• December Bride
  • Part One



Chapter Nine

When the apple trees shed their leaves on the lawn of Ravara Manse,

the house could he seen from the road with its pouting doorway and tall

blue-black windows, the alabaster lion in the fanlight and chairs at

every window, broad splatbacks and the cupid bows of country heppleWhite.

By tho time the road had ceased to ring under the heel the thin branches

bristled with splitting buds. In May the blossom frothed to the eaves of

the house. In August the green globes of fruit nodded in the warm air.

Every year The Herriot sent his pupils to gather then in for the

minister. By October the leaves lay tattered at the feet of the trees

and the house gleamed again through the thin arms of the branches,

The manse itself was a commodious and well-planned house. It held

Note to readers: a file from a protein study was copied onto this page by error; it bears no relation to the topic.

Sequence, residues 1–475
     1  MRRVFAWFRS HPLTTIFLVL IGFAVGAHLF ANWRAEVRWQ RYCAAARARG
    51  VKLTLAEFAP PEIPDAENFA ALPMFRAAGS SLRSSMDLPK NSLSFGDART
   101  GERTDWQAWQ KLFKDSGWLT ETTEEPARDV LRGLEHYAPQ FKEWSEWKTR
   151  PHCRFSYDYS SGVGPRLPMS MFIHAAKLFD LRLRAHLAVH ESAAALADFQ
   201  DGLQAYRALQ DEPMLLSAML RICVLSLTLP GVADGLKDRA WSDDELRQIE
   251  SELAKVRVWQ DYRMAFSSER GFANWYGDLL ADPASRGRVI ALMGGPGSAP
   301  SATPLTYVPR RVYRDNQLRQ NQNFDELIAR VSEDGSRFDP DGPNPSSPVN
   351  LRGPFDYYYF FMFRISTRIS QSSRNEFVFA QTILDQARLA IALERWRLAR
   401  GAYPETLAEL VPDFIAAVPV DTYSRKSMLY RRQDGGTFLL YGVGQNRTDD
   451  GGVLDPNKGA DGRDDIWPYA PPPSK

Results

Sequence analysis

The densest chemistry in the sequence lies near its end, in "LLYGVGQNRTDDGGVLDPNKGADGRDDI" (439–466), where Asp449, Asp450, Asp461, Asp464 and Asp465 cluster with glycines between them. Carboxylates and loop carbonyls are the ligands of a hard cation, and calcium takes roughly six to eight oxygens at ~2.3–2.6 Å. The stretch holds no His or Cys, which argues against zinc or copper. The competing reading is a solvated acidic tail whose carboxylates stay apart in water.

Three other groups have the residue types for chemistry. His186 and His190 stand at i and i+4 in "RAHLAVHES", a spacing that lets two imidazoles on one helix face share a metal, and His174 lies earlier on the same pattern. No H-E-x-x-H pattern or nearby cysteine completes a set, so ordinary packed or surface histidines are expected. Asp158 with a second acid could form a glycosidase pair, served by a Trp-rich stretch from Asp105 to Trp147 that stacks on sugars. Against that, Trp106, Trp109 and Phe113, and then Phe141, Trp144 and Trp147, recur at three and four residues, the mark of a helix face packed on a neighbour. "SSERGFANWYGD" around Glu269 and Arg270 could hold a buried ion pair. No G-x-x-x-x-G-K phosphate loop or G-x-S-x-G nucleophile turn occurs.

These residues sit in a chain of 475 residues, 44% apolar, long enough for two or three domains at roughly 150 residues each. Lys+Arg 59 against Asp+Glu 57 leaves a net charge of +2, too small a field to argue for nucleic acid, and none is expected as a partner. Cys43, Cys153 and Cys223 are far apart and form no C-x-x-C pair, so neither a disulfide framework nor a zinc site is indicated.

a remarkable collection of chairs clustered in hall, landings and odd

corners. Brought there by succeeding young matrons of the manse, they

had their day and as prosperity increased, or an urban flock called,

wire discarded by the departing shepherd.

Mrs Sorleyson, the present mistress, had been the daughter of a

prosperous Belfast merchant and had gathered round her husband and

herself household goods unusual in a country manse. this affluence

had even added a lustre to the books in her husband’s library. She

was a slight pretty woman, the hue of whose eyes, hair and skin was

a little too light, trembling on the edge of faded love. She had

brought to her marriage an unquestioning admiration and respect for

her husband. If any doubts had arisen in her mind during those six

years of married life, she had attributed then to her own unworthiness

rather than to any flaws in her husband’s character. Unfortunately for

Blossom, Matrons
Linen Hall Library, "Hanna054", Northern Ireland Literary Archive, accessed Sat, 05/21/2022 - 00:39, https://www.niliteraryarchive.com/content/hanna054